From Afghan Parliament to Salma dam: A look at Indian infrastructure development initiatives in Afghanistan

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At least five people were killed in Kabul airport as hundreds of people tried to forcibly enter planes leaving the Afghan capital. Victorious Taliban fighters patrolled Kabul on Monday after a stunningly swift end to Afghanistan’s 20-year war, as thousands of people mobbed the city’s airport trying to flee the group’s feared hardline brand of Islamist rule.

The Taliban swept into Kabul on Sunday after President Ashraf Ghani fled the country, bringing an end to a two-decade campaign in which the US and its allies had tried to transform Afghanistan.

Now as the Taliban has taken over the country, India faces a situation where it may have no role to play in Afghanistan, which would be a reversal of New Delhi’s efforts in the region over the last 20 years. India has played a significant role in the reconstruction and rehabilitation process in Afghanistan. India’s extensive developmental assistance programme now stands at over $3 billion, as per Indian Express.

India has built roads, dams, electricity transmission networks and substations, schools and most prominently, the Afghan Parliament. India and Afghanistan bilateral trade touched the $1.5 billion mark for the previous financial year, 2019-2020. India’s exports to Afghanistan almost touched $ 1 billion and India’s imports from Afghanistan were around $530 million.

Since 2001, when the US-led war on terrorism ousted the Taliban regime from Kabul, New Delhi has pledged and implemented development and reconstruction projects worth more than $3 billion, according to the Indian foreign ministry, reported Mint

The two nations signed the 2011 India-Afghanistan Strategic Partnership Agreement to help build infrastructure, educational institutions, encourage investment, and provide duty-free access to the Indian market.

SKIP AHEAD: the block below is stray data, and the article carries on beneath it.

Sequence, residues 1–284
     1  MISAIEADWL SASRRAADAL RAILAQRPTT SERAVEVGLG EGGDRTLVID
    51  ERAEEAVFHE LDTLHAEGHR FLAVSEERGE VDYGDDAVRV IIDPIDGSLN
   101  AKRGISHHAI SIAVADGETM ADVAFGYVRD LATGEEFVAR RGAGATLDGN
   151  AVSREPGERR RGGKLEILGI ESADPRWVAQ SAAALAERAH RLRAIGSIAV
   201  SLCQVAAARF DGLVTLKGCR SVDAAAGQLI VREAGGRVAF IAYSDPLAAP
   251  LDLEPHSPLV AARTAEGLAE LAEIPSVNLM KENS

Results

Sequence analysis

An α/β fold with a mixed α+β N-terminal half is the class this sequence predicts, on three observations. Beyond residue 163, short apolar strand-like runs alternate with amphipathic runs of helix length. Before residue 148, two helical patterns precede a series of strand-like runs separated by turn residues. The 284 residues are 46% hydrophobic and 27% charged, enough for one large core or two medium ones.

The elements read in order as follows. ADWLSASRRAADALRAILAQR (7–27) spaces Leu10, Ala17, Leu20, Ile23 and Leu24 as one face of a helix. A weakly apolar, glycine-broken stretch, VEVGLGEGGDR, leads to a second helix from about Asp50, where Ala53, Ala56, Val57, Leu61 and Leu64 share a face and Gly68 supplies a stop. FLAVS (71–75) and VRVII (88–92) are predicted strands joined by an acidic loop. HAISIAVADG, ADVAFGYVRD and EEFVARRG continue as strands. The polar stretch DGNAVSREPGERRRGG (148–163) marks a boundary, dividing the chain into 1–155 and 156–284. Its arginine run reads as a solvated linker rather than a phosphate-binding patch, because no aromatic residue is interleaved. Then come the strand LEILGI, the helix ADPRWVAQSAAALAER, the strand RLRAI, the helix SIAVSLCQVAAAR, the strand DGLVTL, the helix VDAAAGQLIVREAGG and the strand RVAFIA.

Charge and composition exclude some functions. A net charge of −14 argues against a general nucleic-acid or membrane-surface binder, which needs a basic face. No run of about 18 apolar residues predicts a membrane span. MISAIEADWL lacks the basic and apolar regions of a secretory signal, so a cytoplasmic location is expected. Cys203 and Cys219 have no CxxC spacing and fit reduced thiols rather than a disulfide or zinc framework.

Minister of External Affairs S Jaishankar speaking in Geneva in November 2020 said India has undertaken over 400-plus projects in all of the country’s 34 provinces. The fate of all these projects now hangs in balance.

Here’s a list of some of the biggest projects that India undertook in the country:

Afghanistan Parliament: The Afghan Parliament in Kabul was built by India at $90 million. It was inaugurated in 2015 by Prime Minister Narendra Modi. It was a gift from India to the war-ravaged nation. The large complex, built over 100 acres of land, with a gleaming copper roof stands in the Dar-ul-Aman Palace complex of the capital. India’s Central Public Works Department (CPWD) is the consultant for the project and the contract was awarded to an Indian infrastructure company in 2008. Construction began in mid-2009 and efforts are underway to complete the project in 2014.

Salma dam: Salma dam in Herat’s Cheshte Sharif district is one of the largest dams in Afghanistan and provides irrigation water and electricity to thousands of families in the province.

Salma Dam has a water storage capacity of 640 million cubic meters and an irrigation capacity of 2,00,000 acres of farmland from the Chishti Sharif District of Herat to the Zulfiqar area on the Iran Border. This dam has been India’s most expensive infrastructural project in Afghanistan in recent years.

The hydropower and irrigation project, completed against many odds and inaugurated in 2016, is known as the Afghan-India Friendship Dam.